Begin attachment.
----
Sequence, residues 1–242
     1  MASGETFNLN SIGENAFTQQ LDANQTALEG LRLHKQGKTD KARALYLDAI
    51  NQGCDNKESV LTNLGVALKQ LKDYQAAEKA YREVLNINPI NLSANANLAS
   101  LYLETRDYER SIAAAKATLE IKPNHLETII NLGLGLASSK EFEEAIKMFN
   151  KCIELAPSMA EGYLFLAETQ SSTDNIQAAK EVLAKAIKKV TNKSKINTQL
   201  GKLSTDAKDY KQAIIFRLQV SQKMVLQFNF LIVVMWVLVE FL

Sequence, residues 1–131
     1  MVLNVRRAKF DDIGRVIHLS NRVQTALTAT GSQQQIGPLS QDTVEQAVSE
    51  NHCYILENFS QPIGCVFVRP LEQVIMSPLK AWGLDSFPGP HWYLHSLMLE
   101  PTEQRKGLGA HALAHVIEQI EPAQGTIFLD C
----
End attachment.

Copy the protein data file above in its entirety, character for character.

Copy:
Sequence, residues 1–242
     1  MASGETFNLN SIGENAFTQQ LDANQTALEG LRLHKQGKTD KARALYLDAI
    51  NQGCDNKESV LTNLGVALKQ LKDYQAAEKA YREVLNINPI NLSANANLAS
   101  LYLETRDYER SIAAAKATLE IKPNHLETII NLGLGLASSK EFEEAIKMFN
   151  KCIELAPSMA EGYLFLAETQ SSTDNIQAAK EVLAKAIKKV TNKSKINTQL
   201  GKLSTDAKDY KQAIIFRLQV SQKMVLQFNF LIVVMWVLVE FL

Sequence, residues 1–131
     1  MVLNVRRAKF DDIGRVIHLS NRVQTALTAT GSQQQIGPLS QDTVEQAVSE
    51  NHCYILENFS QPIGCVFVRP LEQVIMSPLK AWGLDSFPGP HWYLHSLMLE
   101  PTEQRKGLGA HALAHVIEQI EPAQGTIFLD C